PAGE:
New UAE draft law: Up to Dh1m fine for forging education certificates – News

February 16, 2021 0 By boss

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The law covers offences like submitting bogus education certificates to secure jobs in the UAE.

A new law is set to introduce stiffer penalties and jail terms for people who are caught using fake university degrees and academic certificates in the UAE.

The Federal National Council (FNC) on Tuesday passed the federal draft law, laying down the penalties that include: Fines ranging from Dh30,000 to Dh1 million and imprisonment from three months to two years.

Consisting of 11 articles, the law covers offences like submitting bogus education certificates to secure jobs in the country or for certification or approval by competent authorities.

It also prohibits the publication of an academic certificate issued by an unauthorised body in one of the media establishments in the UAE.

According to the new regulations, it is also a crime to participate in the issuance of an educational certificate from an unauthorised institution in any way.

The law prohibits advertising or promoting of any unauthorised institution that issues fake academic certificates from inside or outside the country.

FNC members approved the new law in the presence of the Minister of Education, Hussain bin Ibrahim Al Hammadi.

Shatha Saeed Al Naqbi, FNC member and member of the committee on education, culture, sports and information affairs, said the new law would address the trend of using fake certificates which had seen a spike in the country in recent years.

The authorities had earlier reported that as many as 143 forged academic certificates were detected in the UAE in 2018.

“The phenomenon of using fake certificates has recently increased in the country. The new regulations aim to crack down on the people’s use of fake degrees and education certificates to get jobs at government agencies and private firms, or for any other purposes,” said Al Naqbi.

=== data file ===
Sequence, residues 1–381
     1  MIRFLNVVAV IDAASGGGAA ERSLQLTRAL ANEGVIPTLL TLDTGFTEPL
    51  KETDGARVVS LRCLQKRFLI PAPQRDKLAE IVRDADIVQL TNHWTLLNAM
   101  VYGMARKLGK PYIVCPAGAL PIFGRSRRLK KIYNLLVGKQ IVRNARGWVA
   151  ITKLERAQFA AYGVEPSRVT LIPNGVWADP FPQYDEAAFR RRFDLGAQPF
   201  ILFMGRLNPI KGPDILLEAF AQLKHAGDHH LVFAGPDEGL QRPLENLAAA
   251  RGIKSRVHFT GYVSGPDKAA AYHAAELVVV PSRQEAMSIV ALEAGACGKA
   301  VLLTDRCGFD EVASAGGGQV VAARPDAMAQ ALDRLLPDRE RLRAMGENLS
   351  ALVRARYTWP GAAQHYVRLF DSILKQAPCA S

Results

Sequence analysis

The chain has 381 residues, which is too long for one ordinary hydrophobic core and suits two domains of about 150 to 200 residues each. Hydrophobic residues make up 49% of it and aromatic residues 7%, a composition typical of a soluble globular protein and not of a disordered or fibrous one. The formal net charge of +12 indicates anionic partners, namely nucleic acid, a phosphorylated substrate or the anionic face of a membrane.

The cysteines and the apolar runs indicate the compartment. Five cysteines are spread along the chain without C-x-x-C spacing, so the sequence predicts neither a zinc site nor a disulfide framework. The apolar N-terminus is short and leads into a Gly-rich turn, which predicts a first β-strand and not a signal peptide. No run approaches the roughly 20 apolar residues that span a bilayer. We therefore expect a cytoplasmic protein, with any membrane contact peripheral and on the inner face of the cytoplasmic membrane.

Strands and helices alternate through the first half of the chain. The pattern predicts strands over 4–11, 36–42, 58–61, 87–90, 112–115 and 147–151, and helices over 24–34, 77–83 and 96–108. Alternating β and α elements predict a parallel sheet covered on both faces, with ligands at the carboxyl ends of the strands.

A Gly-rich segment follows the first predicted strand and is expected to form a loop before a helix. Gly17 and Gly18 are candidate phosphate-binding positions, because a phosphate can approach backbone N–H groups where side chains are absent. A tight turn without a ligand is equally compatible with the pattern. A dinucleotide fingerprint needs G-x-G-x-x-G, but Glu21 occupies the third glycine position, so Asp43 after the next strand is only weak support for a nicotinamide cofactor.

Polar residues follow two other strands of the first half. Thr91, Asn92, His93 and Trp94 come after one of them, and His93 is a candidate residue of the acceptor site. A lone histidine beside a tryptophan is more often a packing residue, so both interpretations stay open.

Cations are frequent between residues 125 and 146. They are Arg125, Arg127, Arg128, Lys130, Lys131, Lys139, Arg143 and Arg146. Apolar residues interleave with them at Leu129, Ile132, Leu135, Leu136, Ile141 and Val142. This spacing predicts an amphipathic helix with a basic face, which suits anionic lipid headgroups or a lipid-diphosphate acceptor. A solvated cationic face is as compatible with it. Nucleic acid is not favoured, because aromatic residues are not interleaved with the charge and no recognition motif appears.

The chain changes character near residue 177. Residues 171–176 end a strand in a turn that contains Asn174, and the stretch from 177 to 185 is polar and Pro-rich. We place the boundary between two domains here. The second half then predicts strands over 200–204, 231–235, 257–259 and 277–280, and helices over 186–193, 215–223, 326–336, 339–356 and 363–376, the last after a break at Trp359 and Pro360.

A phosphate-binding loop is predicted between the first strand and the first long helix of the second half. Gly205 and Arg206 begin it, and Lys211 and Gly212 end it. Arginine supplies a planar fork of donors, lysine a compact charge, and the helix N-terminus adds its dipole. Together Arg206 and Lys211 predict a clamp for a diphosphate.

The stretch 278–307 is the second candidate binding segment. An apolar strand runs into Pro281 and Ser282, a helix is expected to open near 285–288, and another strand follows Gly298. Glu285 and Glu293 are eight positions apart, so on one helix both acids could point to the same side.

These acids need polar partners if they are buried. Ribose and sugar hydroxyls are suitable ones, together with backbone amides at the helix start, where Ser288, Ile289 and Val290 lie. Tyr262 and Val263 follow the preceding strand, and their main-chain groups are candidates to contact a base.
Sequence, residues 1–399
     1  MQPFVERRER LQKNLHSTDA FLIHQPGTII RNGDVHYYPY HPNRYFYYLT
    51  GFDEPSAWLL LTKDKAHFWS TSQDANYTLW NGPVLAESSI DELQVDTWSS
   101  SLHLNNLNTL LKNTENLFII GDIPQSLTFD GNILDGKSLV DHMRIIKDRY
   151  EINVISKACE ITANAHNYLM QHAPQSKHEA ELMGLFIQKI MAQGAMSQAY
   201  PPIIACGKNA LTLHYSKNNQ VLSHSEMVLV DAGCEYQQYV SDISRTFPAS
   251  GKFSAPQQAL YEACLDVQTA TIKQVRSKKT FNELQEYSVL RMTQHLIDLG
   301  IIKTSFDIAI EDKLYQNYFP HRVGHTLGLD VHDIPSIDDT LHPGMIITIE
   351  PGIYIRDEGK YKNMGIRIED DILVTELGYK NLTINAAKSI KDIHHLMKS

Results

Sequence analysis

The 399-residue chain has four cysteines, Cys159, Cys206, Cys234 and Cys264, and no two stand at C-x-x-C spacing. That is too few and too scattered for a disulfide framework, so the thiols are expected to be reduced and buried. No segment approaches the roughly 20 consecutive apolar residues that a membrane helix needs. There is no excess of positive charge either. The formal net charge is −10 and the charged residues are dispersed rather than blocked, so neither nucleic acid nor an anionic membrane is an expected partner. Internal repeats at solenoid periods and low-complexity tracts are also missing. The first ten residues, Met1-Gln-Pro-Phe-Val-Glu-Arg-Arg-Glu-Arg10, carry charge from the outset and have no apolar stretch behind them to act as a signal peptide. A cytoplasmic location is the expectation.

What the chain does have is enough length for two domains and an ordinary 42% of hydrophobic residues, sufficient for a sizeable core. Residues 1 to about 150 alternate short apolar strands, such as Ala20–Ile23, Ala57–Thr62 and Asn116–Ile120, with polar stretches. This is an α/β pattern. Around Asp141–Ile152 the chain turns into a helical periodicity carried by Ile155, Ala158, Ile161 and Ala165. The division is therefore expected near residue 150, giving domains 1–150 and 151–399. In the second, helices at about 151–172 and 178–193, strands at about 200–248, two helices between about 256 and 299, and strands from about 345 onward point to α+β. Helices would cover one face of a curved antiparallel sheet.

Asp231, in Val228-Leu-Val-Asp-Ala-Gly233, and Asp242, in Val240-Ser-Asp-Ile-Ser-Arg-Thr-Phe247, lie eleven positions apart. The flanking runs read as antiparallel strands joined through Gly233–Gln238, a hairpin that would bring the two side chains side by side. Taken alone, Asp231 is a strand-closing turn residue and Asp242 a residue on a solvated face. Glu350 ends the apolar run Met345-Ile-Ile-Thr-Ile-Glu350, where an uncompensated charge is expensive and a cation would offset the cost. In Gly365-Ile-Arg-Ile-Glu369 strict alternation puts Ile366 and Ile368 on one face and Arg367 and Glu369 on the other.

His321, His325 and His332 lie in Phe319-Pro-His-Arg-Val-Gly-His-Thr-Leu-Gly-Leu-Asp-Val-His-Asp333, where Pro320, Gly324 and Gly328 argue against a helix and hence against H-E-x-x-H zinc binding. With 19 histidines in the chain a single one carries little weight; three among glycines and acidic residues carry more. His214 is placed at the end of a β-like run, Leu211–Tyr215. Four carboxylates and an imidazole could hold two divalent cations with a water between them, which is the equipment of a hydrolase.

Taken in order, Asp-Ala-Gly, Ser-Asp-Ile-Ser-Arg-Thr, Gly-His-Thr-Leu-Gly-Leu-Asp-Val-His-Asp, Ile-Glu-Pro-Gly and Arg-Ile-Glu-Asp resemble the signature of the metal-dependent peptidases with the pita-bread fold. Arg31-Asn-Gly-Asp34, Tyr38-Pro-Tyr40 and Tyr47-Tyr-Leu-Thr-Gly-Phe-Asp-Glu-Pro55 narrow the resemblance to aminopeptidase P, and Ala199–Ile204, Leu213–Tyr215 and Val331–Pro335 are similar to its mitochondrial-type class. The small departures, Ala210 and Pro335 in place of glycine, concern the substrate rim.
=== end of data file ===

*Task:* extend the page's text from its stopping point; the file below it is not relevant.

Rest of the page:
“The new law regulates work in dealing with these forged certificates. Tougher penalties have been introduced to combat the phenomenon of forging university degrees.”

The FNC committee on education, culture, sports and information affairs — which presented the law to the council for approval — had suggested that a specialised governmental body be established and given the mandate to verify whether an education certificate was issued by a genuine institution or not. It added that these papers should be attested by competent authorities from the country of origin.

The draft law will be presented to the UAE President, His Highness Sheikh Khalifa bin Zayed Al Nahyan, for approval before being enforced into a law.

ismail@khaleejtimes.com

author

Ismail Sebugwaawo

A professional journalist originating from Kampala, Uganda, Ismail is a happy father with strong attachment to family and great values for humanity. He has practiced journalism in UAE for the past 13 years, covering the country’s parliament (FNC) and crimes, including Abu Dhabi Police, public prosecution and courts. He also reports about important issues in education, public health and the environment, with a keen interest in human interest stories. When out of reporting duties, he serves the Ugandan community in Abu Dhabi as he wants to see his countrymen happy. Exercising and reading are part of his free time.






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